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Android

Gaining a Remote Shell On Android 124

SharkLaser writes "The security of Android devices has come under scrutiny in recent months. Android Market has been plagued with a number of trojaned apps, and researchers have identified various root exploits and permission leaks that can be exploited, for example, to send premium rate SMSs. Now researcher Thomas Cannon of ViaForensics is demonstrating a method for setting up remote shell on an Android device without using any exploits or vulnerabilities. The security hole is not new, and it has been pointed out for a number of years, but Google has yet to fix it. The method works on various versions of Android, up to and including the newest Ice Cream Sandwich."
AT&T

AT&T Issues Scathing Response To FCC Report 215

An anonymous reader writes "AT&T has issued a scathing letter in response to the FCC's decision to release a staff report on its findings surrounding AT&T's planned $39 billion acquisition of T-Mobile USA. 'We expected that the AT&T-T-Mobile transaction would receive careful, considered, and fair analysis,' Jim Cicconi, AT&T Senior Executive Vice President of External & Legislative Affairs, said. 'Unfortunately, the preliminary FCC Staff Analysis offers none of that.'"
HP

Is HP Paying Intel To Keep Itanium Alive? 216

itwbennett writes "In a court filing, Oracle accused HP of secretly contracting with Intel to keep making Itanium processors so that it can continue to make money from its locked-in Itanium customers and take business away from Oracle's Sun servers. Oracle says that Intel would have long ago killed off Itanium if not for these payments from HP. For its part, HP called the filing a 'desperate delay tactic' in the lawsuit HP filed against Oracle over its decision to stop developing for Itanium."
Privacy

W3C Proposes Unified "Do Not Track" Privacy Standard 93

In his first submission, kierny writes "A W3C working group is crafting two standards, due out by summer 2012, to enable consumers to opt out of online tracking. Numerous big players are involved, including Google, Facebook, IBM, Mozilla, Microsoft, plus the Center for Democracy and Technology, Electronic Frontier Foundation, and Federal Trade Commission. The first standard is Tracking Preference Expression, 'to define a standard for a how a browser can tell a website that a user wants more privacy,' says W3C working group co-chairman Dr. Matthias Schunter of IBM Research. 'So you send a signal, and you get a response from the website which tells you that the request has been honored.' The second standard, meanwhile, is the Tracking Compliance and Scope Specification, which details how websites should comply with Do Not Track preferences. But, don't expect Do Not Track to be active by default."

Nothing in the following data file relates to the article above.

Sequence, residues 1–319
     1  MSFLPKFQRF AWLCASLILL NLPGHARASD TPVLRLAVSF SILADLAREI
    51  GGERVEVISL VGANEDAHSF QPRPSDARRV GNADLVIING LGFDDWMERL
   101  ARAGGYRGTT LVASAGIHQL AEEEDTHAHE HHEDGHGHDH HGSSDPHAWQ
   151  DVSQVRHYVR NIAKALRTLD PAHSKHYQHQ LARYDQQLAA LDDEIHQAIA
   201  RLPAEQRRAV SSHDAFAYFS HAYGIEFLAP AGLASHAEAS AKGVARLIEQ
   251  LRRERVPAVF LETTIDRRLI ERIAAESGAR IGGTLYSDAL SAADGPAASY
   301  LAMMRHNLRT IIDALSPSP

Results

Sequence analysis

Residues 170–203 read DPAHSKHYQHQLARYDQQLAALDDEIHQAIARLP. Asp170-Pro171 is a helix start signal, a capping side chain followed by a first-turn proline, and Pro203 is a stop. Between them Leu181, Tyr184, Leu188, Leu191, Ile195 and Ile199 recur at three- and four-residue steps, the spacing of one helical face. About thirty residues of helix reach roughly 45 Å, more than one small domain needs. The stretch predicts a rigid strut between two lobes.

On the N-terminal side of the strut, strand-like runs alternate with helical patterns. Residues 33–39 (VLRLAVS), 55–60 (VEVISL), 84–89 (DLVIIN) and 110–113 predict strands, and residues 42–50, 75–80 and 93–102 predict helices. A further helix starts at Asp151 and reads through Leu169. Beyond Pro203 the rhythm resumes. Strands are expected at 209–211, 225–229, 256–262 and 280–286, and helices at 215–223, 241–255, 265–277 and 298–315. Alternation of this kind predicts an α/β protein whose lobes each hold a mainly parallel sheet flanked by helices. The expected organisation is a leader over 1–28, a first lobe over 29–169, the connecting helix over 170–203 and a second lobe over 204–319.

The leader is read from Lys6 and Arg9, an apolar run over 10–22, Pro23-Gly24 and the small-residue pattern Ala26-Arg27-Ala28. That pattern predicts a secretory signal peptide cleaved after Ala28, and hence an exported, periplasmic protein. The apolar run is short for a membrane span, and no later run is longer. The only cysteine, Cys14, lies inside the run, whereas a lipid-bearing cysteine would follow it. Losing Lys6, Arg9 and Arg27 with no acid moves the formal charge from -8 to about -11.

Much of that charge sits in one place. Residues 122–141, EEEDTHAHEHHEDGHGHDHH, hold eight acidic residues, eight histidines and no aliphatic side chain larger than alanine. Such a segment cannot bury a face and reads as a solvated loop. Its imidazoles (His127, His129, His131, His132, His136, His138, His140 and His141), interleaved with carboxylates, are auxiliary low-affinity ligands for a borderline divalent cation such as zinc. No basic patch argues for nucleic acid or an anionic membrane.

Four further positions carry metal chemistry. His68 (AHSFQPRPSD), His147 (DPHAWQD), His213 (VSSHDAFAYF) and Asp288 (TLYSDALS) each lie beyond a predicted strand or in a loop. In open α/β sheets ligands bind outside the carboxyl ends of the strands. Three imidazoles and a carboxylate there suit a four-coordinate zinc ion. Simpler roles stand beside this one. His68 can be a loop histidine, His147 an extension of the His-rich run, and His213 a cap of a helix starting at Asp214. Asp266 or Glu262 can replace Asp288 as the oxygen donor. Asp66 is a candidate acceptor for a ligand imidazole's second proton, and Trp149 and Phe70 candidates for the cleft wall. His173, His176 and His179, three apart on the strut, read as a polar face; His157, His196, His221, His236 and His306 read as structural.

Apple

Siri Protocol Cracked 403

First time accepted submitter jisom writes with something that will probably not be working come morning. Quoting the source: "Today, we managed to crack open Siri's protocol. As a result, we are able to use Siri's recognition engine from any device. Yes, that means anyone could now write an Android app that uses the real Siri! Or use Siri on an iPad! And we're going to share this know-how with you." Basically, Siri sends the data to the processing server using non-standard HTTP extensions. Of note is that the audio is encoded using Ogg Speex.
Patents

EU Court Rules Against Stem Cell Patents For Research 84

LibRT writes with this excerpt from the BBC: "Europe's highest court has ruled that stem cells from human embryos cannot be patented, in a case that could have major implications for medicine. ... The European Court of Justice said in a statement: 'The use of human embryos for therapeutic or diagnostic purposes which are applied to the human embryo and are useful to it is patentable. But their use for purposes of scientific research is not patentable.' It added: 'A process which involves removal of a stem cell from a human embryo at the blastocyst [early embryo] stage, entailing the destruction of that embryo, cannot be patented.'"
PlayStation (Games)

PS3 Jailbreak Now Legal In Spain 113

deek writes "Spanish gamer site NicaGamerz.com have reported that it's now legal to sell the PS3 Jailbreak modchip in Spain (Google translation of Spanish original). According to the article, one reason for the legal ruling is because Sony removed the ability to run GNU/Linux on the console. One can only wonder if Sony will soon rush out a firmware update that will re-enable the OtherOS feature, and appeal the court decision. Oh the irony of that thought. The legal ruling was made on the 13th December (Google translation). There are only 5 days to appeal, starting from that date."